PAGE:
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#7 of 9 Old 02-15-2011, 03:55 PM
 
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2e is gifted with learning challenges. It was something new to me as well. :) I didn't really use any website since it was a journey of discovery starting with a very bad school year. I seeked professional help because he was having nightmares and saying he wanted to die and the subsequent screening and referrals really helped me put the puzzle together. Even though I noticed the early signs of his vision difficulties, it was not picked out by normal opticians and even a very expensive paediatric opthamologist and he very much muddled his way through his early school years. 

 

I did a quick google and this page gives a good quick overview: http://www.gifteddevelopment.com/What_is_Gifted/2echildren.htm and I did read some Silverman stuff. It's very true what was said about the strengths and weaknesses cancelling out such that the child appears to be average or even above average, but not gifted. DS1's testers have always noted his verbal precocity and wealth of knowledge and been generous with their recommendations for school accomodations. It has been very good for protecting his self-esteem and confidence in his abilities.

 

RiverTam's recommendation is a good one - The Mislabelled Child is a treasure trove of information. I have it and refer to it regularly. On the other hand, it has so much information that you may get lost if you don't know what you are looking for other than the 2e section. Make sure you read the intro section that tells you how to use the book. 

 

If you think your child may be 2e, it will be good to try to elucidate the issues at hand as early as possible. This gives you time to work on the fundamentals before the academic workload pile up, and in situations where motor skills are involved, help to prevent wrong compensatory habits from forming. It will also help you select the type of classes and teachers involved, regardless of content. We started at 5.5, and ds1 has progressed a lot in the year since. I may have to send him for another vision screening and handwriting OT, but otherwise, I am very relieved that he is now well-adjusted and his zest to learn has returned with a vengeance.

 

If you think it may be more about motivation per se, Carol Dweck's Mindset is a really good book. I read the recommendation on this board several times before I finally went to take a look at it. What I like best about the book is it works. It works for both perfectionistic children and for discouraged children.  

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#8 of 9 Old 02-16-2011, 06:57 AM - Thread Starter
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Thanks for another book suggestion! I am probably most concerned about how to handle the "perfectionist" frustrations, and the "doom and gloom" balking that happens when he feels challenged.

Quote:

 

If you think it may be more about motivation per se, Carol Dweck's Mindset is a really good book. I read the recommendation on this board several times before I finally went to take a look at it. What I like best about the book is it works. It works for both perfectionistic children and for discouraged children.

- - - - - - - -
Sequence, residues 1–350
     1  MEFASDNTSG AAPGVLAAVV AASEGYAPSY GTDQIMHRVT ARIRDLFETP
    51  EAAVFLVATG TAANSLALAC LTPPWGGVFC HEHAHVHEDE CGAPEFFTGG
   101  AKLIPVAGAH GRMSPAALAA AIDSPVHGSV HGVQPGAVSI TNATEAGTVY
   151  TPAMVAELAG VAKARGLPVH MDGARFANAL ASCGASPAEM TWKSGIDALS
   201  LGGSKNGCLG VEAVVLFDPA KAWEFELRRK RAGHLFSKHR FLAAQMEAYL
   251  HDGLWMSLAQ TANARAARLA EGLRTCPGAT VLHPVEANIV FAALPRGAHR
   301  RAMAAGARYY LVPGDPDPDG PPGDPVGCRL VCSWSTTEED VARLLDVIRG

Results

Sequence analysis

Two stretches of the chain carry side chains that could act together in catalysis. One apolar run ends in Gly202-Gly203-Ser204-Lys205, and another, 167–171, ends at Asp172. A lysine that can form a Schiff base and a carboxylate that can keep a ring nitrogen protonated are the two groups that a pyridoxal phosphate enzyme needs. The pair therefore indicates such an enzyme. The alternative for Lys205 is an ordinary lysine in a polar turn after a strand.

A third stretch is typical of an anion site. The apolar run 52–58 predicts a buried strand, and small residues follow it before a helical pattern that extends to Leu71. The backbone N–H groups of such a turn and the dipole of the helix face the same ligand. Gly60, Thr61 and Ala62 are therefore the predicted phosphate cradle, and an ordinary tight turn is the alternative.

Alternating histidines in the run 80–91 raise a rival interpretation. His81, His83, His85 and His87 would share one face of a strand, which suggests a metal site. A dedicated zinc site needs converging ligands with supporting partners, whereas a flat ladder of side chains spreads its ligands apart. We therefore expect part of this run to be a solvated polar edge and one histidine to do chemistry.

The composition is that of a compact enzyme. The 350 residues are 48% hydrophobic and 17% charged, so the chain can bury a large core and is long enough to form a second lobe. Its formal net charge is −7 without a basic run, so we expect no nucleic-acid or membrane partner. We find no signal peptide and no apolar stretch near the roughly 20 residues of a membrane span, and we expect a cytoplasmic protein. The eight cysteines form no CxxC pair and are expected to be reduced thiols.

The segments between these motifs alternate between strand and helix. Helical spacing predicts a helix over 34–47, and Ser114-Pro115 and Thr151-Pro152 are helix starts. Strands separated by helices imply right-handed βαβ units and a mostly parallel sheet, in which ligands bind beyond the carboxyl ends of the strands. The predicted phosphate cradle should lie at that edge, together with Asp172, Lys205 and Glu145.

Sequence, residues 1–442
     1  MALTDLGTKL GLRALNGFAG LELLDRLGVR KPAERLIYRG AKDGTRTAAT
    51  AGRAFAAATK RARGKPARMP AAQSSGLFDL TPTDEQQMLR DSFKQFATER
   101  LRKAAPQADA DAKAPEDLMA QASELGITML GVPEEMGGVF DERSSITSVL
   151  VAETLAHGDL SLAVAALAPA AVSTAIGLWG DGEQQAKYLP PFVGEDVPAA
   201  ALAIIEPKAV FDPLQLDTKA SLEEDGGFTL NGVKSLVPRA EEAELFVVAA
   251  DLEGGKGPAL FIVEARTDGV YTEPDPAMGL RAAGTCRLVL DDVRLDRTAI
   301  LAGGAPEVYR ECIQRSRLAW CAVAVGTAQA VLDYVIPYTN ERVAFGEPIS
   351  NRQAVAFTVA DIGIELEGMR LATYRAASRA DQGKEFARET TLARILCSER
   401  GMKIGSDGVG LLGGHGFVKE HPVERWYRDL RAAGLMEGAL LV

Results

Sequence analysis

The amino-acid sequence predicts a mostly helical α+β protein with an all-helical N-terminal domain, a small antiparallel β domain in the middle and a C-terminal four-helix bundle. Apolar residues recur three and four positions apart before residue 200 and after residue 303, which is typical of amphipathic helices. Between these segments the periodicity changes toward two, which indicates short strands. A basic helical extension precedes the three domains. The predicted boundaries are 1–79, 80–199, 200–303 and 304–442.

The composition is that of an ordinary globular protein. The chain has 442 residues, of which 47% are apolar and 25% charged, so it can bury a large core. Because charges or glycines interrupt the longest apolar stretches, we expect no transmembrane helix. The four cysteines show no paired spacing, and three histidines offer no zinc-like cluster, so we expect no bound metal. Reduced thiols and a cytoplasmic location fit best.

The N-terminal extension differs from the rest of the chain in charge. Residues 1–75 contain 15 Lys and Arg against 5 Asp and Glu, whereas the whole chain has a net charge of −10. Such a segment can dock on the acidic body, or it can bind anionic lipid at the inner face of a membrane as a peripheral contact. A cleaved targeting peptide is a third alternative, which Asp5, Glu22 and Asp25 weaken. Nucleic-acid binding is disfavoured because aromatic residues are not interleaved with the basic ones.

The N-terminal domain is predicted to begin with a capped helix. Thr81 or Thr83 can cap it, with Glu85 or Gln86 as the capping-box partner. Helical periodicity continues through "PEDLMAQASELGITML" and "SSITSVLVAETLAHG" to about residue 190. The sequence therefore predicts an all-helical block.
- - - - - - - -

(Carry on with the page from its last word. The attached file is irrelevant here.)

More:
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#9 of 9 Old 02-17-2011, 11:44 PM
 
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Thanks for another book suggestion! I am probably most concerned about how to handle the "perfectionist" frustrations, and the "doom and gloom" balking that happens when he feels challenged.


 


Then Carol Dweck's book can be immediately useful to you. :) On the other hand, I think some of the frustrations that comes with a rigid school structure are things that children (and parents!)will learn to handle with time. I'm not sure about your son, but mine is like the absent minded creator with lots of pieces strewn around him and getting him to pack up in order to go out or have lunch can almost induce a panic attack in him (for fear of losing a precious piece) and a hyperventilating episode in me. Five to six was very difficult age whenever he has to transit from one activity to another, but it has been much better since though I think his organisational skills are still very poor for his age. Maybe it's something to do with slower maturity in that area of life. Sometimes to be in a gifted programme is not just about being intellectually able, but also being able to cope with the increased workload physically (reading/writing speed) and faster pace of things. 

 

I also noted that his tolerance level for frustrations has increased dramatically as we got a handle on the 2e issues. Perhaps you can consider if your son's performance seem to be somewhat erratic - good days and bad days are widely variable as factors such as surroundings, sleep and diet can affect their ability to compensate for any underlying issues. Both my kids have their doom and gloom moments with preschool histrionicis that really make me want to pound the floor like a cavewoman. After a while I found that a better way is to quickly give them a protein rich snack and put them in a warm bath with some distractions.  

 

Oh yes, you may also want to google "visual spatial learner", which is very much a doer, feeler, creator type.